Zen & The Art Of Service-Oriented IT - InformationWeek
Zen & The Art Of Service-Oriented IT
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User Rank: Apprentice
4/2/2014 | 4:12:07 PM
Practicalities of ITaaS
Good article on the practicalities of implementing ITaaS, and appreciate the Jamcracker mention wrt enablement tools.  The key challenge for IT in adopting ITaaS is that it requires a different IT business model to do it effectively.  While the advent of cloud is certainly a key enabler in implementing ITaaS (or what Gartner refers to as "Real-time IT"), it is not a panacea -- i.e. spinning up a private or hybrid cloud environment is NOT ITaaS.  ITaaS is more about automating the complete supply-to-demand chain of how internal and external services (IaaS, SaaS, XaaS, and virtualized workloads) are sourced, managed and delivered to their business end-users.  

As an example, many companies have embarked on setting up private IaaS clouds, generally as an extension of their existing virtualization environment, but the end-users are typically Dev/Ops types vs. actual business users.  End-users want solutions, not infrastructure services, and until IT can automate the end-to-end process regarding how application services are deployed, managed and delivered in a cohesive manner -- business users will continue to bypass IT when able and source services directly from external cloud/SaaS providers (thus continuing the build-up of 'Shadow IT').

Making the transition to cloud-enabled ITaaS requires a different IT business model where IT acts as both an application service provider (i.e. proprietary or mission-critical apps deployed on their own private or hybrid cloud) as well as an aggregator of external cloud/SaaS offerings (e.g. MSFT Office 365, SalesForce and other biz app services).  This is step one, after which cloud delivery and management tools such as what Jamcracker provides can serve as a means to automate the sourcing-management-governance-consumption-chargeback lifecycle processes.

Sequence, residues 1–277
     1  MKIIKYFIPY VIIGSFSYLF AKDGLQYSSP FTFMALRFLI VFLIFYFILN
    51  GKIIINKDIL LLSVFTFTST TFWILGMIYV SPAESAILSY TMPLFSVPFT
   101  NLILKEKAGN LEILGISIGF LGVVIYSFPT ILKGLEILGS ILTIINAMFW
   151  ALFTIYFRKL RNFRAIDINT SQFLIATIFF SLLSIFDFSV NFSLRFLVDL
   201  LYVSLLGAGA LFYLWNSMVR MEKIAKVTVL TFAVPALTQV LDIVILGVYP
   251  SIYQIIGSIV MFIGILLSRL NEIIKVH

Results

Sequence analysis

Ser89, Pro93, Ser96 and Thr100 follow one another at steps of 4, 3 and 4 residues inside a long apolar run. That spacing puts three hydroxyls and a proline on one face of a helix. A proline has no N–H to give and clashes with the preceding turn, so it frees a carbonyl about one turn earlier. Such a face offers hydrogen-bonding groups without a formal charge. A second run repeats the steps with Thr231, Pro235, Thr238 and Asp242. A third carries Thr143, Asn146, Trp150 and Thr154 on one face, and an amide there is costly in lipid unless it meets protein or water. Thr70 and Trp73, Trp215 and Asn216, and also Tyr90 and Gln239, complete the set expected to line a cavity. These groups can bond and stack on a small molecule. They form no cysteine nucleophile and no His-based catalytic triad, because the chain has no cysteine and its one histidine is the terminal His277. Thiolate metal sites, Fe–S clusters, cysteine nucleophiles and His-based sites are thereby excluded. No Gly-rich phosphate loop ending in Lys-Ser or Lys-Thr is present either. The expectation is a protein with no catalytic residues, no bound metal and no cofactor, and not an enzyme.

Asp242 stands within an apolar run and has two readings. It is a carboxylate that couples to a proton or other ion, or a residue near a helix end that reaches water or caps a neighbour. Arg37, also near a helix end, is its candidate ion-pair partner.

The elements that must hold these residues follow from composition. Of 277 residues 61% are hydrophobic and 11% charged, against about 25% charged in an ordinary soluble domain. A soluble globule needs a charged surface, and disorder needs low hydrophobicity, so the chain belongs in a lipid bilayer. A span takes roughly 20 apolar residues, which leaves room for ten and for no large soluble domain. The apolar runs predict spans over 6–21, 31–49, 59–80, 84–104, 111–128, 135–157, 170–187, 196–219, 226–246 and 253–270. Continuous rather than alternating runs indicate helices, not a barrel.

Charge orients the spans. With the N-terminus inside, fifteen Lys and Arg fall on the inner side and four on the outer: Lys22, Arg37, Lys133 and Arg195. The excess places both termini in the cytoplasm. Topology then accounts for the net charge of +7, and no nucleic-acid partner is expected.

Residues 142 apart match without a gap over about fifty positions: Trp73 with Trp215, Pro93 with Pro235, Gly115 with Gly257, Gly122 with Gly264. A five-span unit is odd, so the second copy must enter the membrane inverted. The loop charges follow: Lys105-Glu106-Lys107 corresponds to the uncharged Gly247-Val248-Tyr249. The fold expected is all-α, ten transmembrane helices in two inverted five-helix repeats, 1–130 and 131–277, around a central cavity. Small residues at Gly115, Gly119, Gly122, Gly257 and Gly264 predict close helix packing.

User Rank: Author
3/28/2014 | 5:35:57 PM
Re: Your next IT job may be with a service provider
Doug you make a great added point to Michael's piece.  The interesting challenge organizations are going to face is how to transition their talent: Enterprise IT staffs will need to become experts in specifying, acquiring, and monitoring  IT services -- rather than in buying/developing/running IT. Enterprises will still need talent to bridge to IT services, but wil likely need fewer individuals with tradtional IT skill sets to build/maintain IT systems on premises. In essence they'll need to become more expert at consuming IT than pushing out IT.  The fact that Amazon beat out IBM for a $600 million CIA contract last year also says alot about how the IT landscape has already changed, and how IT jobs are likely to change as well.

D. Henschen
D. Henschen,
User Rank: Author
3/28/2014 | 4:13:51 PM
Your next IT job may be with a service provider
I like Michael's perspective on IT having to compete with the likes of AWS and viewing IT's new role as a service strategist. People moan about cloud providers and the elimination to IT jobs, but those positions are moving to the back rooms of all the new cloud infrastructure, platform and service providers. And these cloud providers have to do things more efficiently at high scale. This has been the long-term direction in every industry, so why should IT be any different? Think of it as IT meeting big-box-retailer scales of economy.

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